Jennie J. Gallimore (Advisor), Craig M. Harvey (Committee Member), Yan Liu (Committee Member), Pratik J. Parikh (Committee Member), Rosalyn P. Scott (Committee Member)
Doctor of Philosophy (PhD)
Patient testing is vital for primary care and serves as a gateway to specialty healthcare. Patient safety is worsened when testing orders (e.g., laboratory, imaging orders) are not tracked, results are lost, or abnormal results lack patient notification and follow-up. Non-standardized testing management reduces resilience; affects clinical outcomes; and increases errors, costs, workload, and delays.
To address the need for testing management improvements, this research followed four phases in six objectives: (1) In Phase I initial survey, assess perceptions, attitudes, and behaviors of practicing healthcare clinicians and administrators about testing, safety, and technology; (2) In Phase II system design, design a low-cost system prototype that manages primary care testing processes for individual patients, supports safety and resilience, and measures overall clinic testing performance for continuous improvement efforts; (3) In Phase III laboratory experiment, evaluate system prototype for effectiveness in managing testing management processes, including test ordering, results review, notification, and tracking; (4) In Phase III, evaluate effectiveness of technology specifically designed to enforce, support, nurture, and measure safety- including individual safety awareness, attitudes, actions, resilience, and safety culture; (5) In Phase III, evaluate effectiveness of the testing management system prototype for increasing understanding of overall clinic testing performance; (6)In Phase IV clinical review, evaluate a revised prototype with primary care clinicians for its perceived effectiveness and potential for process, safety, and performance improvements.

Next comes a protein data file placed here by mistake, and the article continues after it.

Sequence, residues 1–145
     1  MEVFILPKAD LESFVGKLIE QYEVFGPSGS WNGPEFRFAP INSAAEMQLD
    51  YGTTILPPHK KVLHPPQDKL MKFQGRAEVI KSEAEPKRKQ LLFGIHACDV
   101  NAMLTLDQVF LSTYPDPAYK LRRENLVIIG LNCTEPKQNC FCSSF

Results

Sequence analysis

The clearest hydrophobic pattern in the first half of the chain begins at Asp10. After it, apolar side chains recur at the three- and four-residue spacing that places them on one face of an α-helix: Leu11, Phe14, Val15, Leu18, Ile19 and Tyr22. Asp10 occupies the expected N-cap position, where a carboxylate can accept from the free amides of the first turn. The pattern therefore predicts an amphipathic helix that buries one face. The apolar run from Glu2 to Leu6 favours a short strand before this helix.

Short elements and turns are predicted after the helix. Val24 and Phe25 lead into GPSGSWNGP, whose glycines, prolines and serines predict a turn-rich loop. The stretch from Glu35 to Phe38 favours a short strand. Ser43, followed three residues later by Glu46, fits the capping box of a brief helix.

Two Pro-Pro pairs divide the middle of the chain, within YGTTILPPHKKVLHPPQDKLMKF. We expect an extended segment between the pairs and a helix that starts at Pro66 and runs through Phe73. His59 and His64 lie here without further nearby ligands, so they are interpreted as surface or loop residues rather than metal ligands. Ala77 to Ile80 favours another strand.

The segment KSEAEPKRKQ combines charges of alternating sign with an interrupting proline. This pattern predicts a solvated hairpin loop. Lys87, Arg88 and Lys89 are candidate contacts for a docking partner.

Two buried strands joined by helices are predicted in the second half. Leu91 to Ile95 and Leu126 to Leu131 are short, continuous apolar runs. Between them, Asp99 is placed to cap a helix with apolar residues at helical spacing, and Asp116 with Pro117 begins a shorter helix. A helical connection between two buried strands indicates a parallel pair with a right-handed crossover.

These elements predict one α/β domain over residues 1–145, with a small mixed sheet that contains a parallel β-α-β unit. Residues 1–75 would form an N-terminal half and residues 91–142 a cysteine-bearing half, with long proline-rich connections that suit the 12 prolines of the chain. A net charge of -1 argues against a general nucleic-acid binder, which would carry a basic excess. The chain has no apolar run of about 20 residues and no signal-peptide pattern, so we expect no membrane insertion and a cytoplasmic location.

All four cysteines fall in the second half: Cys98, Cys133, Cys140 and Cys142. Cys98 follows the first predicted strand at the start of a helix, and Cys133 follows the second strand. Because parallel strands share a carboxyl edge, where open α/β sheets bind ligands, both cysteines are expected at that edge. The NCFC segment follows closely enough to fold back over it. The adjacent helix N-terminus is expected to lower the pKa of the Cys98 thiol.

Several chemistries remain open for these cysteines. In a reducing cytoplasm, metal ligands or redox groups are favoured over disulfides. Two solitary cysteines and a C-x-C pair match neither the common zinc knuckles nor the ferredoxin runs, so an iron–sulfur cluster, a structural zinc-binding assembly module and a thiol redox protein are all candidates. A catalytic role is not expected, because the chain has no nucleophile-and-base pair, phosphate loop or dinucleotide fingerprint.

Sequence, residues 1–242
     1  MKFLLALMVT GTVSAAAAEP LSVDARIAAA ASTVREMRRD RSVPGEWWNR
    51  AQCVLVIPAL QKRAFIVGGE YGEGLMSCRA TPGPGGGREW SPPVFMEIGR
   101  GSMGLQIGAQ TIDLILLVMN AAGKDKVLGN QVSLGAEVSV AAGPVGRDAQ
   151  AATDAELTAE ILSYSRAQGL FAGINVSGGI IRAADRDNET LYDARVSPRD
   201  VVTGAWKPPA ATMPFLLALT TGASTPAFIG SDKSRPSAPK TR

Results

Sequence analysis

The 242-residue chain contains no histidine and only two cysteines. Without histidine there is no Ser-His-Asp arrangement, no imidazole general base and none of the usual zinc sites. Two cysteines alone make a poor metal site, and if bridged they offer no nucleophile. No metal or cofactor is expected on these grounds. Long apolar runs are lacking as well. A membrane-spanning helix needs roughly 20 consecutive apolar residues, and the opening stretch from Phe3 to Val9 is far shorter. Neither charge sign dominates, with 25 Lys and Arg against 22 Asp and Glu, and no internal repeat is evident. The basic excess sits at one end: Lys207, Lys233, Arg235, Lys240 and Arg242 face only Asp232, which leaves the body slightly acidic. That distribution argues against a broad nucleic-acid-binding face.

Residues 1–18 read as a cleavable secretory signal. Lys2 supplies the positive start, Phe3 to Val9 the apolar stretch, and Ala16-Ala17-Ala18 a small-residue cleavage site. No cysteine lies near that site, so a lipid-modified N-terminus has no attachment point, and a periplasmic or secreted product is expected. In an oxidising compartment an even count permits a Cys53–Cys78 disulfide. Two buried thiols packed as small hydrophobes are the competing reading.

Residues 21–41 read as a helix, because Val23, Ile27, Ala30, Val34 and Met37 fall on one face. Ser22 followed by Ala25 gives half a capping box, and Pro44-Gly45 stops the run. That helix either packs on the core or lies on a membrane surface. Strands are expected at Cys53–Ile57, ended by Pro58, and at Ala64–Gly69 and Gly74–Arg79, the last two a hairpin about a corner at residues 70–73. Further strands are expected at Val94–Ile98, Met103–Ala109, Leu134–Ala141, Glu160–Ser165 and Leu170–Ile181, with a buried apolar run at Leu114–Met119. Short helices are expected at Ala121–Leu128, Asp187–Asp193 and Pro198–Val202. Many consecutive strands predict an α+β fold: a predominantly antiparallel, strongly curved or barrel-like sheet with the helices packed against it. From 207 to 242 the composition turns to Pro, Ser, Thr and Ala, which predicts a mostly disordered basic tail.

This research resulted in a test management system prototype that was effective in managing and standardizing testing processes; showed effectiveness for some aspects of safety, situation awareness, and resilience; and was effective in developing user understanding of clinic performance in testing processes. This system can be used for future product development.
Based on theories of resilience, organizational and safety culture, systems safety, and situation awareness, this research also contributes to an increased understanding of requirements to design health information technology that enforces, supports, nurtures, and measures safety.
Department or Program
Ph.D. in Engineering
Year Degree Awarded
Copyright 2012, all rights reserved. This open access ETD is published by Wright State University and OhioLINK.